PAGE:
Once you file for bankruptcy, the court appoints a bankruptcy trustee. The trustee is responsible for overseeing and executing your case, but which bankruptcy you file for will change the trustee's role and actions.

Bankruptcy Trustee's Role and Your Requirements

bankruptcy, courtThe first step you’ll have to take is to complete a bankruptcy petition. Within the petition, you’ll provide information on your property, debts, assets, and monthly expenses. After you complete a bankruptcy petition, the trustee will review and verify the information you provided. You may also need to follow this up by sending more information over to the trustee to verify your information (such as pay stubs and tax returns).

The role a trustee plays in your bankruptcy depends on which type of bankruptcy you’re filing: a Chapter 7 or Chapter 13.

Chapter 7 Trustee

The Chapter 7 trustee holds the responsibility for selling any property that isn’t protected and distributing the funds accordingly. You’re allowed to keep some of your property like clothes and furniture. But depending on your state’s exemption status, the trustee can sell any nonexempt assets that are more than the amount allowed by your state. If there aren’t any nonexempt assets involved, the trustee compiles a report stating that your case is a “no asset” case.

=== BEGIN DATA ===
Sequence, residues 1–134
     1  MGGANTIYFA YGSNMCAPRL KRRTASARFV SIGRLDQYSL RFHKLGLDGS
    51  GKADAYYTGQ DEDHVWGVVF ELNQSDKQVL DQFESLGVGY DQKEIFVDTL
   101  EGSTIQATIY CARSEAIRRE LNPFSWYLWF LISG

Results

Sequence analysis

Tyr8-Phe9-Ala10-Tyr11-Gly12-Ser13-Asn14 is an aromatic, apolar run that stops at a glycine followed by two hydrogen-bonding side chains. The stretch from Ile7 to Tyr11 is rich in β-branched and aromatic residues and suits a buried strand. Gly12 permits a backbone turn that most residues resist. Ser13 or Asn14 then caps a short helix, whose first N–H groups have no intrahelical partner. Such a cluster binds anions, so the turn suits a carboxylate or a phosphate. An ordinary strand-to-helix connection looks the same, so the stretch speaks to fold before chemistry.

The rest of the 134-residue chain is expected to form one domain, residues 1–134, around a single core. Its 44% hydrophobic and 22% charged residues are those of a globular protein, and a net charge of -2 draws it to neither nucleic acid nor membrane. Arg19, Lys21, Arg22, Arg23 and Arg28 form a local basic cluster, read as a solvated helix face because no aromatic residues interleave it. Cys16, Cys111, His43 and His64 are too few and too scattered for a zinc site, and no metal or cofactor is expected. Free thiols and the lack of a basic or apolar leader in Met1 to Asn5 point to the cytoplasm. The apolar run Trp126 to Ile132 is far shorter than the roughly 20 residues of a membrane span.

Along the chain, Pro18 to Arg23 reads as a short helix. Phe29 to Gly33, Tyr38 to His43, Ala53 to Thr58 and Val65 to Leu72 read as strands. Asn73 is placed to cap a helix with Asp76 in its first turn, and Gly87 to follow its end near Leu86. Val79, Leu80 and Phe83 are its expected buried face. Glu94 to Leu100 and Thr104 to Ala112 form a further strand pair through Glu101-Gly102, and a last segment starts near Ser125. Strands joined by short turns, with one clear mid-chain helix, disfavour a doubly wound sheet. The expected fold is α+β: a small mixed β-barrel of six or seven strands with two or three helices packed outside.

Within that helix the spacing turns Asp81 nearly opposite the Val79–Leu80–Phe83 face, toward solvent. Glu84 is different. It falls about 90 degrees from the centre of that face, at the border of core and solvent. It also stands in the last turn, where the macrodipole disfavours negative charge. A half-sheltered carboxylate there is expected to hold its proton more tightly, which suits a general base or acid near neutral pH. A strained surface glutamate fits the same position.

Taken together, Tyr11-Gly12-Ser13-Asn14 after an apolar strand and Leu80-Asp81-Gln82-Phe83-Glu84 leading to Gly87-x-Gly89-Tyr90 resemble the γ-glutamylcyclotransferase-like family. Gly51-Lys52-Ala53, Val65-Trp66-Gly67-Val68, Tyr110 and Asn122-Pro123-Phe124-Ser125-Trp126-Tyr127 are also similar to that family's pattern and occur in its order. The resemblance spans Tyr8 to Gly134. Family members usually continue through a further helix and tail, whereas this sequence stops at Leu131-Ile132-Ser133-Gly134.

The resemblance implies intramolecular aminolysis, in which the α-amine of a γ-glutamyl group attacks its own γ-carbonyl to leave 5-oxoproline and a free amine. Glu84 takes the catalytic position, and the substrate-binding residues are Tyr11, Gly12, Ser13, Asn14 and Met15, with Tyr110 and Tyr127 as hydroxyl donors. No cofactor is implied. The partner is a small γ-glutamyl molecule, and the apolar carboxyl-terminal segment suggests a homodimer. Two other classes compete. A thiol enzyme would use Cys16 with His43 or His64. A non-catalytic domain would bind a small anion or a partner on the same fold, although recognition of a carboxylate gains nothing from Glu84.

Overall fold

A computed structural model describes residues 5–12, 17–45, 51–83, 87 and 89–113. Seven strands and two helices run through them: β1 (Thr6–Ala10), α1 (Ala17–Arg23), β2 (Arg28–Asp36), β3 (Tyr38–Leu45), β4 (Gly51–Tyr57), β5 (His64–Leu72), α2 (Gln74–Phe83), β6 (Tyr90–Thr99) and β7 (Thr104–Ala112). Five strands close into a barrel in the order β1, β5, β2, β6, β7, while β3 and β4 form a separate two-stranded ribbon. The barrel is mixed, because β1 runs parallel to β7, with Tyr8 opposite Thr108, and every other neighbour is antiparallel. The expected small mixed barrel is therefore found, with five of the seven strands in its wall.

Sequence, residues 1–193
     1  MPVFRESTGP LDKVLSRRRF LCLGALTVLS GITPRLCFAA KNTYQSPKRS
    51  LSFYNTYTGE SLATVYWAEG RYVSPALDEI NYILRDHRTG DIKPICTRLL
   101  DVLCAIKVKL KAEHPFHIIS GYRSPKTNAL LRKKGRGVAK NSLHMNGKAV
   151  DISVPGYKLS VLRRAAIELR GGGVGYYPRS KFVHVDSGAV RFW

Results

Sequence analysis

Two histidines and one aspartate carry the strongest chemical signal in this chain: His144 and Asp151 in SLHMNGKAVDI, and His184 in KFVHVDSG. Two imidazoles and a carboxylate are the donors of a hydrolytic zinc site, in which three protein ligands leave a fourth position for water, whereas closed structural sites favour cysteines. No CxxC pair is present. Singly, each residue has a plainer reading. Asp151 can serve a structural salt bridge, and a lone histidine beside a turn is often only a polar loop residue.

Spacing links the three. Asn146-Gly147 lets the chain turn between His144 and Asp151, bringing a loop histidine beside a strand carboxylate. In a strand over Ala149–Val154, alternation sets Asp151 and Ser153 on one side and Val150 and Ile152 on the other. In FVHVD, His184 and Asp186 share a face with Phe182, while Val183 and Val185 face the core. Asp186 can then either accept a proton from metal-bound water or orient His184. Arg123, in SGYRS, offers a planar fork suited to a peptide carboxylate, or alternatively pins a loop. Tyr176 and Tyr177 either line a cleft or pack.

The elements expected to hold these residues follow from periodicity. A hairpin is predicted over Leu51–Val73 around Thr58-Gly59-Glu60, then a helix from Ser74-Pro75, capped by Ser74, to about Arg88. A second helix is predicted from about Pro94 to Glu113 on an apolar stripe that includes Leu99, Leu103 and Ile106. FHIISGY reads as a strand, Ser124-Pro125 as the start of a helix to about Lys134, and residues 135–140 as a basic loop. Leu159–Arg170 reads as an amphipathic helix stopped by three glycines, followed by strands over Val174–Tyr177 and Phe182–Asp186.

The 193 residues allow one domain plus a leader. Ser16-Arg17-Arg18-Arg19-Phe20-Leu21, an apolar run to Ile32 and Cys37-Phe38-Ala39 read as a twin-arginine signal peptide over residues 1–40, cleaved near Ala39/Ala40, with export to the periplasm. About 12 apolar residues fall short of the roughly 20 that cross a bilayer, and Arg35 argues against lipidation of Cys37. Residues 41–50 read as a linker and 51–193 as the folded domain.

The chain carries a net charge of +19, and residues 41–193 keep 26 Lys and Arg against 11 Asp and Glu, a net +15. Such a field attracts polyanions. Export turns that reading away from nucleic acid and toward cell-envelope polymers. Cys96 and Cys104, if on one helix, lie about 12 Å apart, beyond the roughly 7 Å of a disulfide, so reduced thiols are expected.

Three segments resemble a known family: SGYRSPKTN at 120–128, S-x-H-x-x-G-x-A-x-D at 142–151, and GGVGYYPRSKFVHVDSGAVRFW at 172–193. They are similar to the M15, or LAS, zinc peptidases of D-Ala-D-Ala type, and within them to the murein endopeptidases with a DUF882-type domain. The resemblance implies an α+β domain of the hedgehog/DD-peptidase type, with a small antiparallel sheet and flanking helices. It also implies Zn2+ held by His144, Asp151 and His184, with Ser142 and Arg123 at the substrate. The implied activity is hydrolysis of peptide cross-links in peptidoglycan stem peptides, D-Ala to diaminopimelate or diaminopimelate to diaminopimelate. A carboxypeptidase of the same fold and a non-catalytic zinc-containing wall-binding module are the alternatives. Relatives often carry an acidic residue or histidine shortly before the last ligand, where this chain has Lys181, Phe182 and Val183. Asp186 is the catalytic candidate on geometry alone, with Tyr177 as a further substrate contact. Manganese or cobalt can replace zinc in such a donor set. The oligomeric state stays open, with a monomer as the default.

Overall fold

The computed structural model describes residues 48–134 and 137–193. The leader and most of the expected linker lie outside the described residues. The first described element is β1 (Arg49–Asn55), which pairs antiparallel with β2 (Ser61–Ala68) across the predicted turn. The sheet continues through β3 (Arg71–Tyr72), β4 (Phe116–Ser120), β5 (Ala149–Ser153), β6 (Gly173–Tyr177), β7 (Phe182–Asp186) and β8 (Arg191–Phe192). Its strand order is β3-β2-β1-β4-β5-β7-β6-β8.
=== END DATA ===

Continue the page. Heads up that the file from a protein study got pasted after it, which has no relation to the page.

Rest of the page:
Chapter 13 Trustee

A Chapter 13 trustee differs from a Chapter 7 trustee with a focus on your repayment plan. The process of filing a Chapter 13 is the same as a Chapter 7 – you’ll need to provide the same documentation – but differs in the fact you must propose a repayment plan in a Ch. 13.

The trustee will make sure your repayment plan is fair, and you’ll begin making monthly payments to the trustee within 30 days of filing. Your repayment plan must be approved by the court, and the trustee holds your payments until the plan is finalized. Once it’s approved, the trustee then distributes the funds until the bankruptcy is complete.

The Bottom Line

The trustee plays an important part in your bankruptcy journey. They'll be there to help you out with any questions, but keep in mind their role will differ depending on which bankruptcy you file for.

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